Call for Letters of Interest – Canadian CubeSat Project

Do you teach or do research at a Canadian post-secondary institution? Would you and students from your institution like to build and send your own small satellite into space? The Canadian Space Agency (CSA) is presently working on an initiative that would allow you to do just that. The Canadian CubeSat Project (CCP) will provide professors in post-secondary institutions with an opportunity to engage their students in a real space mission. Through this unique hands-on experience, students will learn about science, technology, engineering and mathematics (STEM), stimulating their interest in STEM education and careers. This initiative falls under the CSA's mandate to foster the continuing development of a critical mass of researchers and highly qualified people in Canada.

The CCP also aims to ensure equitable opportunities for students across Canada, and will award up to 13 grants, one for each province and territory. This may include inter-provincial/territorial collaboration among CubeSat teams to facilitate the participation of all provinces and territories. Each grant will be worth about $200,000. The CSA will also make arrangements for the Cubesats' launches from the International Space Station (ISS) and cover the associated costs.

We invite you to respond to this Call for Letters of Interest (LOI). The CSA will use your response to evaluate your level of interest in developing a Cubesat and training students in this endeavour as well as to identify the resources the CSA will require to make the CCP a success. The information you share will enable the CCP organizers to develop a national network of faculty members in post-secondary institutions who are enthusiastic about CubeSats and to foster potential inter-provincial/territorial collaboration among participating team members.


  • In early September 2017, an Announcement of Opportunity (AO) is planned to be published on the CSA website. Post-secondary institutions will then have two months to submit their applications to the CSA.
  • Once the AO is published, all questions from potential applicants and answers from the CSA will be made available on the AO webpage.
  • Institutions selected for a grant will have between 24 and 36 months to develop their small satellite, commonly called a CubeSat.
  • The CSA plans to support three sizes of CubeSats: 1U (10 cm × 10 cm × 10 cm and 2.4 kg), 2U (10 cm × 10 cm × 20 cm and 3.6 kg) and 3U (10 cm × 10 cm × 30 cm and 4.8 kg). Priority will be given to 1U and 2U.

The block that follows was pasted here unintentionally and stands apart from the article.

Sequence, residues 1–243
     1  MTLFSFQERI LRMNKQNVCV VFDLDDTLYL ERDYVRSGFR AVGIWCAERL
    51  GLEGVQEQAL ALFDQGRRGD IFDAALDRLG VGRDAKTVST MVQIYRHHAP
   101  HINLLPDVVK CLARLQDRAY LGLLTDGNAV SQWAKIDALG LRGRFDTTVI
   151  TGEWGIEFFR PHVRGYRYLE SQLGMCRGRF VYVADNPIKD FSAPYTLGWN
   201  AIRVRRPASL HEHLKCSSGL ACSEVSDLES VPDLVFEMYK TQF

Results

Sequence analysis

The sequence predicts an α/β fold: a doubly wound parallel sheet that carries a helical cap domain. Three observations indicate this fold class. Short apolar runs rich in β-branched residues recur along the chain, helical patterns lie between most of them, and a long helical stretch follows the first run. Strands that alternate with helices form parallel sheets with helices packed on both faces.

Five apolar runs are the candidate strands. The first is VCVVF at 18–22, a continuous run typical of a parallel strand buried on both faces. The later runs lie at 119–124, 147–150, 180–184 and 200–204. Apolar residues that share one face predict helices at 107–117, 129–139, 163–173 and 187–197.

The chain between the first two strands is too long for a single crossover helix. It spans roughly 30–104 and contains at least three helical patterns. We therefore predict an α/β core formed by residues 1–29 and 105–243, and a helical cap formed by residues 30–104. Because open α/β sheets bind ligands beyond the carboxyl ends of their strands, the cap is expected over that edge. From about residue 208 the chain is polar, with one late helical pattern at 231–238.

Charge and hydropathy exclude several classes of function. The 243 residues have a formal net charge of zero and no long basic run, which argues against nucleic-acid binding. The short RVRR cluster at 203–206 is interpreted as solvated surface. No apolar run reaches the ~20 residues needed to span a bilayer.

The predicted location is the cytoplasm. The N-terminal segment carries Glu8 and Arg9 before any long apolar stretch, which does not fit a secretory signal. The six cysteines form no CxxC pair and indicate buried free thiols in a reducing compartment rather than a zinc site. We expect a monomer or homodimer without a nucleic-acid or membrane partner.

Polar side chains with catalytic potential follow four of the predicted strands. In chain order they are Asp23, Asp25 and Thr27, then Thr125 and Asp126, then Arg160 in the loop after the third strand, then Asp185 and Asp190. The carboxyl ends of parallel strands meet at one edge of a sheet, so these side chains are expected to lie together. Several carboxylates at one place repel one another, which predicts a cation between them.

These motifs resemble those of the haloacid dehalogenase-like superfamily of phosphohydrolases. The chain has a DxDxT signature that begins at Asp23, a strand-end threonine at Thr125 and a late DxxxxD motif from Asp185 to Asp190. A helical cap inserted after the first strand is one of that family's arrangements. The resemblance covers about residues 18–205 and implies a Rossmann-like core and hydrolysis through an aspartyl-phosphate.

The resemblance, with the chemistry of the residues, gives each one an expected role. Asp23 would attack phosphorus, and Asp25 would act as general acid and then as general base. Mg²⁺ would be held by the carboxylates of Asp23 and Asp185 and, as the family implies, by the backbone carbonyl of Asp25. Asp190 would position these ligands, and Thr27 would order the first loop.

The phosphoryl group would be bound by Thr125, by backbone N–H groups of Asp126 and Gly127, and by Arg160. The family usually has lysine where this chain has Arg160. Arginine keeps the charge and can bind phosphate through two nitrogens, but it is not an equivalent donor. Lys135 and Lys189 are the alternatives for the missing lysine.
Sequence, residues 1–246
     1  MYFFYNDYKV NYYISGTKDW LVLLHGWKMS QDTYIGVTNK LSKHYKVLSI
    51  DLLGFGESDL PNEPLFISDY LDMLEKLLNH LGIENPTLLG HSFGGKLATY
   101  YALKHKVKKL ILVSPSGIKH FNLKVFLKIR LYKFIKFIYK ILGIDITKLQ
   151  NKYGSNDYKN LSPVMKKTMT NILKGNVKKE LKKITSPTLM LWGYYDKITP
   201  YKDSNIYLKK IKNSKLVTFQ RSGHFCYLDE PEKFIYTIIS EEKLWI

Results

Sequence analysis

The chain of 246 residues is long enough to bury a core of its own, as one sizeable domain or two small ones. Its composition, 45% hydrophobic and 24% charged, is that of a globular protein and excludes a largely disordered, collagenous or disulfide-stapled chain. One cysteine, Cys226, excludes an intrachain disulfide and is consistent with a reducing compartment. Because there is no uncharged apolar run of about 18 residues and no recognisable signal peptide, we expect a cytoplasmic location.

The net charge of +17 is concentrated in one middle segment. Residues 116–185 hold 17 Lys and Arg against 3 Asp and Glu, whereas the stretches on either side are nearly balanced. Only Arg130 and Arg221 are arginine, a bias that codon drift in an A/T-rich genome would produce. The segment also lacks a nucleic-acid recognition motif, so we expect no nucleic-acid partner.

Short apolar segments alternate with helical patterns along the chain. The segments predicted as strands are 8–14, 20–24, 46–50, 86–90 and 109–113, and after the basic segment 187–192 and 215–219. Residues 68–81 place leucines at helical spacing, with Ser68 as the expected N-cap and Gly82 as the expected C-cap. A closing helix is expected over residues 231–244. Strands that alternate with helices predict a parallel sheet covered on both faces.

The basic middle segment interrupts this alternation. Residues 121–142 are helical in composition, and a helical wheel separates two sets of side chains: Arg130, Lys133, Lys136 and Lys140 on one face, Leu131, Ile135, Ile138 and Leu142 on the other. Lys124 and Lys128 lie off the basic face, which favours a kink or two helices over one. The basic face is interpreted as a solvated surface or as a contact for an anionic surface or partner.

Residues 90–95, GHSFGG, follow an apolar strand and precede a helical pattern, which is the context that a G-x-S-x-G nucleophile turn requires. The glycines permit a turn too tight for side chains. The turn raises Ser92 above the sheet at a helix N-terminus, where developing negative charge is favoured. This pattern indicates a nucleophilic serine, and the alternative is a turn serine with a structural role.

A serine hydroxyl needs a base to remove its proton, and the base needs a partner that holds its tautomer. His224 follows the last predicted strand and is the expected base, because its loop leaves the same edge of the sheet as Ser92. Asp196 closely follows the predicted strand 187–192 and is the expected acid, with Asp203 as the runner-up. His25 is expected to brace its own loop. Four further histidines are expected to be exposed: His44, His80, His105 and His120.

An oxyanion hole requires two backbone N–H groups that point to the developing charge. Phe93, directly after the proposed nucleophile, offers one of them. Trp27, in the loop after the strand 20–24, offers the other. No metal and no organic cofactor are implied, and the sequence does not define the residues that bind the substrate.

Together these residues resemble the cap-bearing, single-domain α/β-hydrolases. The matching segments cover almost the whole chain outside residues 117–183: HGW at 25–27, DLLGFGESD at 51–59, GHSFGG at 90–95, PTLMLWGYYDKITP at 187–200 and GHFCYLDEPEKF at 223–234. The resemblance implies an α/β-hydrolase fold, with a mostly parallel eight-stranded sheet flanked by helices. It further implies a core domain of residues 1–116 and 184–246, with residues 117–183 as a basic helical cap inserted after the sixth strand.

• Collaboration among institutions is strongly encouraged, since the goal is to consider for selection one proposal per province/territory.
  • Each CubeSat project would be proposed by a post-secondary institution in a province or territory and led by one or more faculty members from that institution.
  • The faculty member(s) would be responsible for supervising a team of students to ensure transfer of knowledge and timely progress of the project.
  • Inter-provincial/territorial collaboration among CubeSat teams would be encouraged, particularly for those with limited experience in developing CubeSats or satellite instruments and technologies.
  • The CSA may award up to 13 grants, each worth about $200,000. The CSA will provide the launch services for the CubeSats at no cost to the grantees.

Sending your Letter of Interest

Since this LOI is aimed at faculty members in post-secondary institutions, you should consider the following:

  1. Your proposed project should have the objectives of attracting students and faculty in space research; providing students with training opportunities to develop new knowledge and skills; and encouraging the participation of underrepresented students in STEM, as well as business and communications disciplines.
  2. Your project shall be managed with clearly defined tasks, milestones and schedule.
  3. Your project shall require multiple disciplinary skillsets.
  4. The faculty members shall be responsible for assembling and supervising a multidisciplinary team of students for the duration of the development.
  5. Collaboration with industry and other organizations will be encouraged.
  6. In general, the complexity and cost of the CubeSat increase with its size. On the other hand, a larger CubeSat offers more capability due to the increased volume and mass for the payload. You will have to seek a balance between cost/complexity and capability.